What affects the price of motorbike insurance?
Factors that affect the cost of your insurance include:
- Your age
- Where you live
- Your riding history
- The size of your motorbike's engine
- The value of your motorbike
- Your age. If you're an older, more experienced rider, you can expect to pay less than a younger, less experienced rider.
- Where you live. If your area has a high crime rate, you might pay more for your insurance. This is because insurers view your area as one with a higher risk of making a claim.
- Your riding history. The more penalty points you have on your license, the more you can expect to pay for your insurance.
- The size of your motorbike's engine. How powerful a motorbike is determines what insurance group it's placed in. These groups are ranked 1 - 17 or sometimes 22, and determine how much you pay for your insurance.
- The value of your motorbike. The more expensive the motorbike, the more it costs to repair or replace. Insurers take this into account when calculating how much your insurance costs.
How can I save on my Honda motorbike insurance?
Here are a few tips on how to save some money:
- Shop around
- Avoid modifications
- Cut extras and add-ons
- Improve your motorbike security
- Increase your voluntary excess
- Pay annually
- Shop around. By shopping around and comparing quotes from different providers, you could find a good deal and save yourself some money.
- Avoid modifications. Modifying your motorbike is usually seen as a risk by insurers. They could increase the cost of your insurance as a result.
- Cut extras and add-ons. By only paying for what you need, you could lower your costs.
- Increase your motorbike security. Storing your motorbike in a locked shed or garage shows insurers you're taking good care of your ride.
- Increase your voluntary excess. By increasing your excess, you're showing that you're only willing to claim if you have to. This could mean a cheaper policy, but make sure you can afford the excess amount.
- Pay annually. Avoid the added interest and admin fees that come with paying for your insurance monthly.
History of Honda
With co-founder Takeo Fujisaw, Honda introduced his first original designed and engineered motorbike, the ‘Dream’ D-type. It was released in 1949.
Despite the breakthrough the D-type represented, Honda disliked the noise and fumes from the 2-stroke engine. So in 1951 the company launched it's first 4-stroke motorcycle, the Dream E (146cc).
In 1958, the Super Cub or the ‘Honda 50’ was unveiled. With a 50cc 4-stroke engine, the Cub remains one of the most popular motorcycles ever built. Over the years it's been adapted with 70cc and 90cc motors.
In 1959 the company fulfilled its founder’s dream of becoming a serious competitor on the racetrack. Honda entered the famous Isle of Man TT for the first time. In the same year, Honda established its first overseas subsidiary when American Honda Motor Co opened in Los Angeles, California.
In 1964 Honda produced a 6-cylinder 250cc model, the Honda 3RC164. It took the racing world by storm, and won the 250cc World Championship in 1966 and 1967.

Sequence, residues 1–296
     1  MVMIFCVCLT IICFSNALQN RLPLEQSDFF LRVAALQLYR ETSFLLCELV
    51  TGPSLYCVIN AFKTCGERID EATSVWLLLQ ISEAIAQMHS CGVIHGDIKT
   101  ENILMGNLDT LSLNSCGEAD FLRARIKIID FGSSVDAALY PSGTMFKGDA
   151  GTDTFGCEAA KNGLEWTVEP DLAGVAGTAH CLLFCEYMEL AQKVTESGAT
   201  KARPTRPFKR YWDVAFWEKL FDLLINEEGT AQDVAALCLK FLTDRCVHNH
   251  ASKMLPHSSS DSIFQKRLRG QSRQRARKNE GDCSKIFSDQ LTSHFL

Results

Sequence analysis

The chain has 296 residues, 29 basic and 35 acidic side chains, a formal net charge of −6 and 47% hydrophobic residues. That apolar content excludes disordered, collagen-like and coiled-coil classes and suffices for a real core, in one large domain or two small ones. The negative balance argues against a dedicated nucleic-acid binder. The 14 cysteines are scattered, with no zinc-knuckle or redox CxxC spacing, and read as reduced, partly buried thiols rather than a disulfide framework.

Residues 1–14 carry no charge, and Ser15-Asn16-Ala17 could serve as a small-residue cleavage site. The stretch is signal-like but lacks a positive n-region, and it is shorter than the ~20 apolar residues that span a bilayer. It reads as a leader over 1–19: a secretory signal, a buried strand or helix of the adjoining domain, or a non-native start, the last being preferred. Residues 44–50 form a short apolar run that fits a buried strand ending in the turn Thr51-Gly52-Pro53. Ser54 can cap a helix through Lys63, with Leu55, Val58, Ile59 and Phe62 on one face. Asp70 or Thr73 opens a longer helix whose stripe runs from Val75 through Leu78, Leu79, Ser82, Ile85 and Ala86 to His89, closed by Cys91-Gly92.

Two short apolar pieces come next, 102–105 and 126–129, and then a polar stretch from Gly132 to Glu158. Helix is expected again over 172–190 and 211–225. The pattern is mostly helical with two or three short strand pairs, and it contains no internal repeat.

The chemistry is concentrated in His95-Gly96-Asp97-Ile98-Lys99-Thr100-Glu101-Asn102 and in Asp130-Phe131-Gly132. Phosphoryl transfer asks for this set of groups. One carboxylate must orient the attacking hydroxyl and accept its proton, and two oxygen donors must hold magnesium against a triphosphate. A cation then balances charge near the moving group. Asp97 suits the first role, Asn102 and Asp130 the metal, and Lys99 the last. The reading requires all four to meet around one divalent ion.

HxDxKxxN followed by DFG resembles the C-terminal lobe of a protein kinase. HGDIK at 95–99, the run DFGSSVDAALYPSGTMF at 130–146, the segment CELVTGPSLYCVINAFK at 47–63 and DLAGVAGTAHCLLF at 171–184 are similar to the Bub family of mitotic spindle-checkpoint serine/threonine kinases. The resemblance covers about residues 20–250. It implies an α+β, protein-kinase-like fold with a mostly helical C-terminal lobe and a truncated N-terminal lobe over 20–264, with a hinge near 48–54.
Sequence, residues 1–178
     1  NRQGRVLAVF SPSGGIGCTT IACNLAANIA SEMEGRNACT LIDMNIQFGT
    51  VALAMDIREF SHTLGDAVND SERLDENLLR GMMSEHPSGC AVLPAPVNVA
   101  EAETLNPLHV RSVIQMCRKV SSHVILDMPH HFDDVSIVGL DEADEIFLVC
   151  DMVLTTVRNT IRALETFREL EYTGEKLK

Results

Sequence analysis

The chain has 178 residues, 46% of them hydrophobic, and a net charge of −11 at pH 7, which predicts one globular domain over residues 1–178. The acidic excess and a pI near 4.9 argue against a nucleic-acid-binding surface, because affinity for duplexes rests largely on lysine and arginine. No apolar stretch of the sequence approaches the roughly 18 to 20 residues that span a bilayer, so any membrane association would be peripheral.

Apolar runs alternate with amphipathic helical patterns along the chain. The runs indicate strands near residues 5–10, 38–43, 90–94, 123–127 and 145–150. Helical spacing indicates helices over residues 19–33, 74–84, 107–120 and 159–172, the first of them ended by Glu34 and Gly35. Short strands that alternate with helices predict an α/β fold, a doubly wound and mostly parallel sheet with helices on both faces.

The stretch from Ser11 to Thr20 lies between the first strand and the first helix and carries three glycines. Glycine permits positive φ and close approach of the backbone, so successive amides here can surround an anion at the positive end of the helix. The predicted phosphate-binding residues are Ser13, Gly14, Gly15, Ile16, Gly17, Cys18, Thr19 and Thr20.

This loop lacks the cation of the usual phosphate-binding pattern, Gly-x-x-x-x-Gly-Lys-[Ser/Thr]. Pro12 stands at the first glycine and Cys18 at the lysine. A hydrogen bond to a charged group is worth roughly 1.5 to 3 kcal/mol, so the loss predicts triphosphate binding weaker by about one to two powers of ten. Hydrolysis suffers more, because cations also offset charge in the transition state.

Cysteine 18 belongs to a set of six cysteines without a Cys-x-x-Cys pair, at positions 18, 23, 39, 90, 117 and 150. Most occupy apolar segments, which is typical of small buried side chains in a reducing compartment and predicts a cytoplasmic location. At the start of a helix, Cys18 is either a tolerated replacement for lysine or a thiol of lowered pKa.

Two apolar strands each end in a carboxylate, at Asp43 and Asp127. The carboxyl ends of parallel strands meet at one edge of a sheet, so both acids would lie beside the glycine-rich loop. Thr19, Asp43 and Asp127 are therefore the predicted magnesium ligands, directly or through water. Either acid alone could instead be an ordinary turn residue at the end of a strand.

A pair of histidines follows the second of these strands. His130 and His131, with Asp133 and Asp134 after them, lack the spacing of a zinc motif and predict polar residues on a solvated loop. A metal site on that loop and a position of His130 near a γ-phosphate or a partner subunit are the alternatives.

In 1968 Honda produced its 10 millionth motorcycle. This came just 19 years after the company’s first motorbike rolled out of it's Hamamatsu factory.
At the end of the 60s, Honda launched the CB750. The impact of this motorbike was enormous as it was the first mass-market motorbike to come with a disc brake.
Honda has continued to innovate over the years – in 1974, Honda produced its first Gold Wing, the GL1000. The Gold Wing was the first Japanese-produced 4-stroke motorbike. It was water-cooled and one of the first production motorcycles to be fitted with a fuel pump.
Other examples of Honda’s pioneering include a prototype motorcycle powered by a fuel cell in 2004. They also introduced airbag crash protection in 2007, the first motorbike manufacturer to do so.
Honda might not be as prominent on the silver screen as Harley-Davidson, but it's had its moments. Next time you watch the James Bond film Skyfall, look out for Daniel Craig’s motorbike. As he chases a villain over the rooftops of Istanbul, he's riding a Honda CRF250Rs. This motorbike is on display at the National Motor Museum at Beaulieu, Hampshire.
You can tax your motorbike online, by phone or by visiting the post office. You'll need your V11 form and your MOT if you're taxing it at the post office.
You should be able to cancel your motorbike insurance policy at any time, but you might have to pay an admin fee. Here's what you need to know.
Nothing beats the freedom of taking your wheels out for a ride on the continent. Take a look at our tips for a touring Europe on a motorcycle.
We take a look through every step of becoming a biker - from getting your motorbike licence to taking your theory test, passing your CBT test and beyond.
Claiming on your motorbike insurance can sometimes be confusing, so we're here to help. Here's how you make a claim on your motorbike insurance policy.
We look into insuring your 125cc motorbike: What you need before you start riding, and the pros and cons of riding on your provisional licence.